The Maschikuli (plural: Maschikulis , East Franconian also Maschikeles ; from French mâchicoulis , this derived around 1402 from the Middle French macher “crush”, “crush” and coulis “liquid” or col “neck”) is an on the outer wall of medieval fortifications such as Castles , fortresses or city fortifications between two consoles (corbels), recessed throw or cast opening. It occurs in rows on a projecting battlement or on the underside of a weir gate . The Maschikulis are accessible from the defender's side in the form of vertical floor shafts in front of the foot of the cantilevered wall.
Maschikulis were used for vertical defense against attackers at the foot of the wall. In contrast to defensive walls or towers flush with the outside, in which the defenders leaned over the parapet of a battlement window and were at that moment uncovered, battlements with machicolations to the front offered complete protection against enemy fire.
Throwing stones of various sizes could be thrown down at the attackers by the machicolations. The use of boiling liquids such as water or oil is also mentioned in some sources. In today's research, however, the latter is viewed as an exception: In the case of hill castles , drinking water obtained from cisterns or wells was essential for survival, especially in the event of a siege, and was therefore hardly an option as a weapon ( the situation may be different with water castles ). Oil or pitch was expensive or very laborious to produce, which is why it is doubtful that it was poured down on the attackers in buckets. Much more effective and archaeologically better documented, however, is the medieval use of pitch for the production of incendiary arrows .
In medieval fortifications, individual machicolations were often set up as latrine bay windows (toilets). The bay window then received a seat board on the inside, usually with an oval cutout, which rested on a parapet wall on the room side. If several floors in the same wall had to be equipped with it, they were staggered one below the other. During a defense of the defense structure, the latrine bay was easily converted into defense equipment.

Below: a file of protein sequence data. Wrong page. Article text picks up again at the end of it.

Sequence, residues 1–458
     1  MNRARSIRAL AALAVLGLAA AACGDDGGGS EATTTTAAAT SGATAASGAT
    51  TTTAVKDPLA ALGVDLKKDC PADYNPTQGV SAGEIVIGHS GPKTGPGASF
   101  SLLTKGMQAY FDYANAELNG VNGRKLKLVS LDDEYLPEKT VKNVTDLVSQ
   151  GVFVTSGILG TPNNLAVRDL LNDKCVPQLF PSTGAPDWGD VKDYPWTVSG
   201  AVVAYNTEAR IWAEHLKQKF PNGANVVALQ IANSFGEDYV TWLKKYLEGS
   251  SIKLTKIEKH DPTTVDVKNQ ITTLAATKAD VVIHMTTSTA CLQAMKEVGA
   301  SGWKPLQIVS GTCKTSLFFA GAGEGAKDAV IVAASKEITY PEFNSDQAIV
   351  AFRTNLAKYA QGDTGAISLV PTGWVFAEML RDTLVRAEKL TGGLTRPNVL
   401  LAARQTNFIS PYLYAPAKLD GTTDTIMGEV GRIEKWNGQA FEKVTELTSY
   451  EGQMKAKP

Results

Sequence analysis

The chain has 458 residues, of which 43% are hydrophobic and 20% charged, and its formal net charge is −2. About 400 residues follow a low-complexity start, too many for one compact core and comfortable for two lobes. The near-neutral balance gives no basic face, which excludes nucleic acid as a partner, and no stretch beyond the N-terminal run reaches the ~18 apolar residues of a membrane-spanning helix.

Like the battlements , the machicolations were a special part of stately architecture as a defensive building element. There were different designs and decorations of machiculis. Often several corbels, each protruding a little further, are stacked on top of one another, the free-standing lower edges were often rounded off. In Italy, elongated consoles with a steep angle were fashionable. The gaps between the consoles could be bridged by a straight stone beam or by a small, brick arch . The entire variety of forms of medieval architecture was also used for the arch shape.
After the castles had lost their defensive function due to the invention of the cannon , lined-up machikulis were used in the early modern period as purely decorative elements on castles and stately homes. They often resemble an arched frieze . They can be found as ornaments on many neo-Gothic buildings from the 19th century that can be assigned to historicism up to industrial buildings.
The hurdles , sinkholes, machicolations and murder holes, which are related but not identical to the machiculi, also fulfill a similar function .
Senkscharten are diagonally extending through the wall embrasures , which also serve the vertical defense. The field of fire that can be controlled in this way does not, however, extend all the way to the base of the wall, but lies in front of the wall. Outwardly, sinkholes can be designed in a similar shape to machiculis, and there are transitional shapes between the two.
The machicolation is in contrast to Machicolation not the bottom of a collared stem, but leads diagonally through the wall, and rarely occurs in rows. It is a special form of the military guard. In the older literature, machiculis are sometimes described with the ambiguous term "Pechnasenkranz".
The murder hole is a vertical thrown or cast opening that is located in a gate vault .
- Wilfried Koch : Architectural style. Orbis, Munich 1988, ISBN 3-572-05927-5 .
- Michael Losse : Maschikuli. In: Horst Wolfgang Böhme , Reinhard Friedrich, Barbara Schock-Werner (Hrsg.): Dictionary of castles, palaces and fortresses . Reclam, Stuttgart 2004, ISBN 3-15-010547-1 , pp. 183-184, doi: 10.11588 / arthistoricum.535 .
Maschikulis on the battlement of Blarney Castle (Ireland)
View through a machine tool at the Guinigi Tower in Lucca (Italy)
- Paul Robert: Le Petit Robert , Paris 1976, under the heading.
- Albert Dauzat, Jean Dubois, Henri Mitterand: Nouveau dictionnaire étymologique et historique , Librairie Larousse 1971.